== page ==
The Dirty Birds are Voicing and Styling all over James Scott Bell’s Revision and Self-Editing for Publication. This time, it’s chapter 9.
Ana: Look, I styled my feathers blue for this talk.
Kate: Now Ana truly has tweeted until she’s blue in the face.
Ana: All for you.
Kate: 🙂 This was another fairly short chapter, but my favourite of the three we read this week.
Zoe: And what did you like so much about it?
Kate: I thought he had some good advice about letting go and just writing, and how style has changed and the whole ‘nuke all adjectives and adverbs from orbit’ was maybe being taken a little too seriously by new writers.
Ana: That’s a good point; never believe in absolutes. Never.
Zoe: I thought he explained voice and style well—two concepts that can be elusive to newer writers.
Ana: I liked how he differentiated between them. It’s not that obvious how voice differs from style, and he did a good job explaining his take on it.
Kate: I’ve always thought that voice stayed fairly consistent between books, but style would change, depending on the demands of the story. I like how he recommends emulating pieces of prose you really like, but not imitating them. Basically, figuring out what the author did that you like so much, then applying that technique to something of your own.
Ana: I used to do that unintentionally when I read something I really liked. There’s some chapters in my first novel, just by reading them I remember what books I was reading at the time because I kind of copied that style.
Zoe: I used to copy style when I was younger. Now I find that reading a style that excites me before I start writing opens me up to being more playful with my own writing, in my own way.
Ana: Nothing inspires me to write like reading a good book. It’s like “I wanna play too!”
Zoe: Yes! Exactly that. Bad books make me think, “I could do better than this,” but good books make me want to play.
Kate: Nothing like reading a book that gets you right in the emotions to make you want to rush to the computer and start typing. I didn’t agree that his first-person story, flipped to third, was actually better. I thought they were both kind of flat, to be honest, but the first-person version had more character.
Ana: I flipped from first person to third once because I wanted to add a second main POV. I really liked the voice I had for my first person narrator at the time, so I was reluctant to do it, but thought it was better for the novel overall. In the end, I didn’t manage to retain all of that voice I’d had at the start though. (Maybe a more experienced writer could have.)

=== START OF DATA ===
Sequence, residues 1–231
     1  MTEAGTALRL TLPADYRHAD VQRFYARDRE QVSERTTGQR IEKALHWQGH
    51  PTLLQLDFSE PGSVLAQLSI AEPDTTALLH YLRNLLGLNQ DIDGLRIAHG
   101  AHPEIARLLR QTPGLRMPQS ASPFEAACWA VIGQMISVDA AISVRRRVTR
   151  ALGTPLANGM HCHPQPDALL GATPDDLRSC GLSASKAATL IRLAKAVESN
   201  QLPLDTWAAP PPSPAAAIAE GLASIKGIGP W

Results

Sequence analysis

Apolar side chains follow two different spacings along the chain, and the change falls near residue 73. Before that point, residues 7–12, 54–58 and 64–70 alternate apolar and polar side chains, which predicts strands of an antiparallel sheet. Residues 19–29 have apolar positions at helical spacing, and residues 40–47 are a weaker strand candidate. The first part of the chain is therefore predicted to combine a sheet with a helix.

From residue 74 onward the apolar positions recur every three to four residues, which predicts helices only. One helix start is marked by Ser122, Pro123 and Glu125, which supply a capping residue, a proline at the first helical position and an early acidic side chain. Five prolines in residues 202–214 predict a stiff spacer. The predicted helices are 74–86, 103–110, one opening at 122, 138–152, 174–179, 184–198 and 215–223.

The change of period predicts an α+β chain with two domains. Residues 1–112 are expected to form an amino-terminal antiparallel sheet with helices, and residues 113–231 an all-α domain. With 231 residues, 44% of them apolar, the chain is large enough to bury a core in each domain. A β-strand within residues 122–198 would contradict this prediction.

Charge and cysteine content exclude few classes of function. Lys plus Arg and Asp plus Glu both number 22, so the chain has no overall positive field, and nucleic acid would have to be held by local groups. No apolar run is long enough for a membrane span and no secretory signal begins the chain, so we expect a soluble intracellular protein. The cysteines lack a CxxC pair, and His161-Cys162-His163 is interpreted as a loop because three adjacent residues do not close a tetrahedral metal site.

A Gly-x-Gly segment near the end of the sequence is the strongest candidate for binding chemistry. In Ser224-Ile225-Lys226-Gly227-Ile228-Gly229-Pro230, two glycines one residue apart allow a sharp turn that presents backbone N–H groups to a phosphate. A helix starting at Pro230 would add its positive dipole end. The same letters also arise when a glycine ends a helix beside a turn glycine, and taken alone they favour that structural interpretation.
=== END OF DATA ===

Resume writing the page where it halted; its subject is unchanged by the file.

Kate: It’s hard to retain a first-person intimacy in third.
Ana: It’s definitely not as easy as just flipping pronouns.
Zoe: I think first-flipped-to-third could be a good way to get someone who’s used to writing in first to see how to convey emotion in third without telling, and flipping any POV is useful for getting unstuck, but it’s definitely not something I would do just to do.
Kate: Stories happen in a certain POV because it’s the best one for them. Flipping POV isn’t something to be done lightly.
I like the bit on Similes, Metaphors and Surprises. Those are the bits that stick out in your mind, the surprising usages of words that say in better than any of the normal methods of stringing words together can do. (On a side note, anyone else keep reading that as Smiles?)
Ana: (Every time.)
Zoe: I guess my day wasn’t as happy-go-lucky because I just saw similes. 🙁
Kate: Poor Zoe. 🙁 No smiles for her. (I’ll give you one of mine. 🙂 )
Ana: This is why I keep posting stickers on facebook. Just to brighten up Zoe’s days when all she sees are similes.
Zoe: The “clutter and flab” section of writing books is usually one of my favorites, but the one here was a bit of a disappointment. 🙁 (But then if I had my way, the whole book would be about cutting clutter and flab. :D)
Kate: What didn’t you like about it?
Zoe: It consisted almost entirely of an example of his writing followed by an example of his editing that writing, and it was just “meh, whatever” to me. It was a case, for me, of too much show, not enough tell. 😀
Ana: Oh yeah, I remember skipping that section.
Kate: I liked seeing what he did for editing, but I’ll admit, I was disappointed there wasn’t much more to the section. Maybe some information on how he decided that each of those sections needed to be reworked?
Zoe: Or we could have used a third example: the sample text after he made the changes he noted. Because that’s the missing piece. He has “tighten” for a note in one place and “confusing” in another, but we’re left hanging as to what he meant by them, without a final section of post-editing text.
Kate: That would have been helpful. I liked the exercises, though I only tried one.
Ana: It’s kind of funny to give writers advice on how to write their writing books. 😀
Zoe: We should write that book. “So You Want to Write a Writing Guide.”
Ana: The Dirty Birds’ Guide to Writing a Writing Book
Zoe: Ooh. Even better.
Kate: Add that to the list.